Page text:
The state’s voters approved recreational pot sales in 2016. But after a year of licensed sales, according to the paper, “Retailers and growers say they’ve been stunted by complex regulations, high taxes and decisions by most cities to ban cannabis shops. At the same time, many residents are going to city halls and courts to fight pot businesses they see as nuisances, and police chiefs are raising concerns about crime triggered by the marijuana trade.”

Shazam, shazam, shazam. My goodness. I’m blown away. High taxes and complicated regulations in California

– who knew? And residents think all these pot sales will increase crime. Again, who knew?

Here’s a thought, coming from a small business that has to navigate New York state’s Byzantine rules regularly: Do we really, truly, think that NYS is going to be any better on the regulation and taxation front? Really? Did our governor somehow suddenly become a free enterprise, small-biz advocate?, anyone?

I’m against legalization, as you now know. But it is possible that even if recreational pot is made legal, NY’s penchant for government and taxes might strangle the industry.

I don’t know. Wouldn’t be the worst thing.


I wrote a few weeks ago about World War II and how I had listened to In Harm’s Way, The Sinking of the U.S.S. Indianapolis and the Extraordinary Story of Its Survivors. Of 1,195 crewmen, just 317 survived. The column obviously struck readers. A reader in Kent said she had ordered the book for a relative for Christmas, and Anthony Merante of Cold Spring, who has grandchildren in Indianapolis, sent along a couple of photos he’d taken of the memorial, in its namesake town. Incredible sacrifice, and bravery, all those years ago. We are fortunate indeed to be the beneficiaries of that bravery.


This issue of the Courier went to press early, due to the New Year’s Day holiday. It should be in your mailboxes on Monday and Wednesday, and at our retail vendors on Monday. We continue to be reachable for news events nearly 24×7 at

Until next week.

Douglas Cunningham is editor and publisher of the Putnam County Courier and the Putnam County News and Recorder in Cold Spring. Reach him at or at 845-265-2468. Letters to the editor are welcome, and should be less than 500 words.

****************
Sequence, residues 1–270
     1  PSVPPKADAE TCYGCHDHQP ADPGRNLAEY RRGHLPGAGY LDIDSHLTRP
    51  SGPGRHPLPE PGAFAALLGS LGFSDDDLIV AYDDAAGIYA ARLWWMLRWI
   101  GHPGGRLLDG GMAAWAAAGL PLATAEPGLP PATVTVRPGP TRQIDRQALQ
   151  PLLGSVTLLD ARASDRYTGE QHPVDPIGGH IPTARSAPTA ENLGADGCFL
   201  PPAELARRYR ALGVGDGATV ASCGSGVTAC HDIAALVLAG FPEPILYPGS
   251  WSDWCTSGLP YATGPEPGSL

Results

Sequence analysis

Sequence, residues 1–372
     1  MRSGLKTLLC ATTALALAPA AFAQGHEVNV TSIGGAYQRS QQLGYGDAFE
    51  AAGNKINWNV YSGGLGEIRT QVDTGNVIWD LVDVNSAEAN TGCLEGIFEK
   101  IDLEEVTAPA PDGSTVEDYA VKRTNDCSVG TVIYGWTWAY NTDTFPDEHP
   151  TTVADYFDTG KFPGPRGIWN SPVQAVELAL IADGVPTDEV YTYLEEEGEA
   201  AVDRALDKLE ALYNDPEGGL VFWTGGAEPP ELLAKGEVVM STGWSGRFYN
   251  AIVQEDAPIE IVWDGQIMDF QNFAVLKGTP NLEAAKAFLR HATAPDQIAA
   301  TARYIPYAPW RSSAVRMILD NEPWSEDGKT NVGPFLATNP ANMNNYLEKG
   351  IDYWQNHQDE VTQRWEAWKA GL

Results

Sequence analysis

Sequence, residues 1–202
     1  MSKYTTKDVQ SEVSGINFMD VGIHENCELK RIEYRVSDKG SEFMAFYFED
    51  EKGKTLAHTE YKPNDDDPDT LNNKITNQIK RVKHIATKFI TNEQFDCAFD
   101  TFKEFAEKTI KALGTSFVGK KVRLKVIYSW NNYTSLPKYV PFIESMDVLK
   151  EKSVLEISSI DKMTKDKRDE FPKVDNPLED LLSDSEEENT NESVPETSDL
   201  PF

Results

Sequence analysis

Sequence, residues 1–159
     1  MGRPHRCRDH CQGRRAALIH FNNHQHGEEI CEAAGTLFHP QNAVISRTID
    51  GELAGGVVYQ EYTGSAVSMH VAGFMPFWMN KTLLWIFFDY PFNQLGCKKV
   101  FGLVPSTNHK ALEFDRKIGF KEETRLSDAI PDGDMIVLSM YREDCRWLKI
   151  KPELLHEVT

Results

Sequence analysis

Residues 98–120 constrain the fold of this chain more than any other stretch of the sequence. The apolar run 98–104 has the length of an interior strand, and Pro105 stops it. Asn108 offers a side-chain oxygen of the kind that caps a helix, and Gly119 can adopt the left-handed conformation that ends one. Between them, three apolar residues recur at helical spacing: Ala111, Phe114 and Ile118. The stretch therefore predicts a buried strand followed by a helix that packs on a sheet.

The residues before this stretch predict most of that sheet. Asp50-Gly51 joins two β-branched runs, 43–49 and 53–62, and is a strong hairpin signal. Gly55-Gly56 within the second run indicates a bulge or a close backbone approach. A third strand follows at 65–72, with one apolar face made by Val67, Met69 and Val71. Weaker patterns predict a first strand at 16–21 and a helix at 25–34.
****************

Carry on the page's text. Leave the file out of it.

One response to “Reefer Madness, Part II”

  1. John D Connors says:

    Some years ago I read an article on Reefer Madness and what brought it about.The article alleges William Randolph Hearst and his business cronies owned large timber tracts in the Pacific Northwest to cut and use to make newsprint paper for their newspapers.Problem was,America ,including Thomas Jefferson way back when were Hemp farmers and hemp made quality newspaper much cheaper than wood pulp as well as clothing,bags and other items..Hearst went on a campaign to discredit hemp by using it’s cousin marijuana as a drug that causes Reefer Madness as the film “Reefer Madness”portrayed.Congress agreed either from lobbying or just pure ignorance,making it a Schedule 1 drug and making it a law hemp or marijuana CANNOT be legally grown in the USA.Legalizing it for everyday use has another problem now,it’s the cost with production and State and local taxes.Local illegal marijuana producers will undercut the prices licensed stores sell it for to remain in business,forming a Black Market environment.I was visiting in Colorado and that’s what is happening there with legal pot.I grew up in Brewster and if you know anybody who was in High School from the mid 60’s on,they very likely smoked dope and the vast majority of them went on to lead successful,productive lives.Parties at night on Maple Road,with the legal age to drink alcohol at the time being 18,didn’t matter.You could get “stoned” just opening your car door and stepping out into the air,the pot haze was so thick! If you take a stand,either pro or con on pot usage,you really need to try it rather than listening to hyperbole.